By Carter B. Horsley
The fall 2004 art auction season in New York
opens in good spirits following the sale at Sotheby's in London
of a small painting attributed to Vermeer for about $30 million
and this auction of Impressionist and Modern Art has several very
major works with pretty ambitious estimates to test the market,
most notably an important painting by Paul Gauguin (1848-1903),
a superb abstraction by Wassily Kandinsky (1866-1944), a couple
of excellent works by Amedeo Modigliani (1884-1920), a "boogie-woogie"
geometric painting by Piet Mondrian (1872-1944), a good sculpture
by Constantin Brancusi (1876-1957), a good painting by Pablo Picasso
(1881-1973), a handsome abstraction by Fernand Léger (1861-1955),
and a nice work by Chaim Soutine (1893-1943).
The Gauguin, Lot 15, "Maternité,"
is an oil on burlap that measures 37 1/4 by 24 inches. It has
an impressive provenance that includes Alphonse Kann, Dikran Khan
Kelekian, Adolph Lewisohn, Mrs. Henry Huttleson Rogers, David
Rockefefeller and Barbara Piasecka Johnson.
Another earlier version of the painting is
at the State Hermitage Museum in St. Petersburg, Russia.
The painting shows a woman nursing her baby
at the bottom right with two attendants in the background. It
was executed in 1899 when Gauguin's 17-year-old mistress, Pahura,
gave birth to their son.
In an article in The New York Times
October 8, 2004 by Carol Vogel, David Norman, co-chairman of Sotheby's
Impressionist and Modern Art department worldwide is quoted that
"It's one of those once-in-a-lifetime opportunities to acquire
a landmark of Post-Impressionism," adding that "It's
one of the last major works of the Tahitian period left in private
"Several dealers said it was offered for
sale in Paris this summer, with an asking price between $30 million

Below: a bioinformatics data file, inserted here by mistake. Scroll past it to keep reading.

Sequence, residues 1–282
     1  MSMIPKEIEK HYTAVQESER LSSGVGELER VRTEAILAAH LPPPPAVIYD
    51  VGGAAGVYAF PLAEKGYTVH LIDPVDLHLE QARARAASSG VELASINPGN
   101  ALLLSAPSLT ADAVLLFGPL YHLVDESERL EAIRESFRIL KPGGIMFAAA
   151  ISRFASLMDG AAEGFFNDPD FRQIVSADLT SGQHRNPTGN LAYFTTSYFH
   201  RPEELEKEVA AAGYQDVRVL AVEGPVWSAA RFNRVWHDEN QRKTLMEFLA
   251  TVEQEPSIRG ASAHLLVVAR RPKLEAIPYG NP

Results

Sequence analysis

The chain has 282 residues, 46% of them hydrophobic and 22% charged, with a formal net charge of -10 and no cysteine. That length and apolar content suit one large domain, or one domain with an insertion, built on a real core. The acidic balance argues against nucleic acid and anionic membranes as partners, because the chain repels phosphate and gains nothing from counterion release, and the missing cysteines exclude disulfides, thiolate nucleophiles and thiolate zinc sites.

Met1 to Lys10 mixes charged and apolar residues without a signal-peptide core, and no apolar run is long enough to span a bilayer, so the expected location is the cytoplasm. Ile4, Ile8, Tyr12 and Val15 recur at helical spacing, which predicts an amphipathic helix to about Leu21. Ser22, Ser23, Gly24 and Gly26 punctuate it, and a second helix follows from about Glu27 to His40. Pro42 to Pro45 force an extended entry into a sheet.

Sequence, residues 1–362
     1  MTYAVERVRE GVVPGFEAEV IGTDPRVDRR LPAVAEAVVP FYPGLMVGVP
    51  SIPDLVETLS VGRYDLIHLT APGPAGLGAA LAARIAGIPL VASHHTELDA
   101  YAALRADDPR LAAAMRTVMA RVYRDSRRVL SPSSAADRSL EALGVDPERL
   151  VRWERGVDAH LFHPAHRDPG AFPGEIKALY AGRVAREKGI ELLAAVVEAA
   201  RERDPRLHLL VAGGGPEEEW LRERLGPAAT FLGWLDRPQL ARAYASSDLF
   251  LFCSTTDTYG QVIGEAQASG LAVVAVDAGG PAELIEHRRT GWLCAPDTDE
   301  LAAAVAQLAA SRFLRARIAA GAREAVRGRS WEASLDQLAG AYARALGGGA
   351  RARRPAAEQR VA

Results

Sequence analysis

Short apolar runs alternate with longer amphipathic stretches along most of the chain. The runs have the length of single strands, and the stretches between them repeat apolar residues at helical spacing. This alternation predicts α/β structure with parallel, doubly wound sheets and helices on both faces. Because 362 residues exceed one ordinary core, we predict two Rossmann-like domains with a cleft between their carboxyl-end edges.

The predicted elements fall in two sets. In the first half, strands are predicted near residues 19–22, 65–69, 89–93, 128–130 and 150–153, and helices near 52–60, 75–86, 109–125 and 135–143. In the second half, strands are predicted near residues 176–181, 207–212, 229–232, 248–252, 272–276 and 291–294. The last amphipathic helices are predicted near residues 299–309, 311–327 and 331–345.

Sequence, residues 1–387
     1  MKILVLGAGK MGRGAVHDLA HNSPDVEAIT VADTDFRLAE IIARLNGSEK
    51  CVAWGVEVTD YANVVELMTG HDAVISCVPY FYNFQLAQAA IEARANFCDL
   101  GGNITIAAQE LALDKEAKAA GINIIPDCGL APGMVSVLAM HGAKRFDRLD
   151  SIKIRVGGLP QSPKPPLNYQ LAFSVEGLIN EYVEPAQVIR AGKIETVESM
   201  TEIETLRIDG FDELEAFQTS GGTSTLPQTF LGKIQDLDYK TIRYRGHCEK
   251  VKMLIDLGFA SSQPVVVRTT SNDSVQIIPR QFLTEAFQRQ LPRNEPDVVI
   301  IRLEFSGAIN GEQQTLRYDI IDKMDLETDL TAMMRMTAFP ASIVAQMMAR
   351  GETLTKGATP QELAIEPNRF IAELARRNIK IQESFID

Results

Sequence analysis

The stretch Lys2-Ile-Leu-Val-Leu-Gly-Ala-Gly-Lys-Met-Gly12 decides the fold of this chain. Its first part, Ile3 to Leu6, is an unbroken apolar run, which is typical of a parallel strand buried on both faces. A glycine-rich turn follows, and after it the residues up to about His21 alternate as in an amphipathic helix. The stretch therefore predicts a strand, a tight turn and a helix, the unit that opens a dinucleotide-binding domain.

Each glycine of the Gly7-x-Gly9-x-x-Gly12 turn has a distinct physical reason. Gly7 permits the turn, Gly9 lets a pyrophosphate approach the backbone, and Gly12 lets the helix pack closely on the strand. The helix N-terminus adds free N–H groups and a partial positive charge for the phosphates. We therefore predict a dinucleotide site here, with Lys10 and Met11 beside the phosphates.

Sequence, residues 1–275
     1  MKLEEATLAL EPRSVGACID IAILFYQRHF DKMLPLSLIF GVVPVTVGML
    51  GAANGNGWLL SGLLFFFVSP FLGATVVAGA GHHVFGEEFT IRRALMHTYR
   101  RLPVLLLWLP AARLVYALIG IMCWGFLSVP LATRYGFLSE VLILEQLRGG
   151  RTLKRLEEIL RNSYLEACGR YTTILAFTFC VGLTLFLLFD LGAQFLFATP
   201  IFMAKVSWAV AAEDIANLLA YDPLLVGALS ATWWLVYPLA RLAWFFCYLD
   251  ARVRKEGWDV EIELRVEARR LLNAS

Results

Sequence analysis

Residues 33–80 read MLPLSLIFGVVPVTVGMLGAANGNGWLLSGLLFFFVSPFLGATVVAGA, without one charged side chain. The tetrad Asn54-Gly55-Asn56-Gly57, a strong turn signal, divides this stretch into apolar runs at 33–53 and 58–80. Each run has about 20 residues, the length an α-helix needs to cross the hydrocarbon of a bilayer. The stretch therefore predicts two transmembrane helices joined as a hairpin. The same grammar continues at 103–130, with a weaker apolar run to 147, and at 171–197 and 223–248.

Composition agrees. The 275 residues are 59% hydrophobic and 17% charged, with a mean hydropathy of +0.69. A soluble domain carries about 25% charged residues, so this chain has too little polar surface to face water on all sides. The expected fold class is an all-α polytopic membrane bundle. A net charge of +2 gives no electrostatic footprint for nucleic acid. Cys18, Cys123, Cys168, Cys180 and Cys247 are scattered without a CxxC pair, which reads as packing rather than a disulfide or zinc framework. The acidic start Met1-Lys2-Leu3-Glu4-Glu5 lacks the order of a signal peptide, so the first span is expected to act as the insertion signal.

and $35 million. Mr. Norman said he was unaware of that offer,"
Ms Vogel wrote.
At this auction, it has an ambitious estimate
of $40 million to $50 million. It is a handsome, straightforward,
and colorful work that is representative of Gauguin's enchantment
with the exoticism of the South Seas. It sold for $39,208,000
including the buyer's premium as do all the results mentioned
in this article. The sales price set a world auction record for
After it had been acquired by Barbara Piasecka
Johnson, Sotheby's, according to The New York Times article,
says the painting was in the possession of Nevill Keating Pictures,
London dealers, who sold it to the unidentified seller at Sotheby's.
But some dealers who know the painting say James Roundell, a London
dealer, sold it sometime between 1990 and 1997. (Mr. Roundell
declined to comment.) Experts believe Mr. Roundell sold 'Maternité
(II)' to Prince Jefri Bolkiah, the brother of the Sultan of Brunei,
whose financial troubles have forced him to sell parts of his
art collection. Sotheby's is auctioning the painting on behalf
of an unidentified collector who acquired it from Angela Neville,
a London dealer. Experts say the seller is from Southeast Asia.
Mr. Norman declined to comment."
Mr. Norman said after the sale that he was
"thrilled" with the sale. Of the 61 lots offered, 48,
or 78.3 percent, sold for a total of $194,289,600. The presale
total estimates were $203.5 million to $$275.6 million.
Another iconic work is "Jeanne Hébuterne
(Devant Une Porte," Lot 23, by Amedeo Modigliani. A stunning
oil on canvas that measures 51 by 32 1/8 inches, it was executed
in 1919. It has been consigned by Dorothy Cherry, the widow of
Wendell Cherry, the chairman of Humana, the healthcare company.
Her husband, who died in 1991, acquired it in the early 1980s.
It has an estimate of $20 million to $30 million. It sold for
The catalogue entry for this lot provides the
"Painted in 1919, the work is one of Modigliani's
most monumental portraits, and is the last depiction of his lover
and muse. Jeanne was just 19 when she met Modigliani and, for
the next three years, she would be his constant companion and
source of inspirtion right up to his early death (she committed
suicide at the age of only 22, disconsolate over the loss of her
great love). The Cherry Modigliani is the finest portrait of Jeanne
to appear for sale in a generation and has few equals in the artist's
oeuvre....In 1919, when this work was executed, Jeanne was pregnant
with their second child. The physical and emotional connotations
of her state are beautifully captured in the contrast between
the full shape of her skirt, and the elongated delicate features
of her face and upper body....The first time that it was reproduced
was in 1944 on the cover of a pamphlet accompanying an exhibition
held at the American British Art Center in New York. In that publication,
Lionello Venturi wrote the following of this picture: 'The 'Portrait
of Mrs. Hebuterne,' the wife of Modigliani, has never been published.
It is a masterpiece, in the painter's last style, when he not
only had definitely mastered his linear values, but knew how to
construct space around his figure, thus creating a new balance
and a new reality out of his abstract forms and colors.'"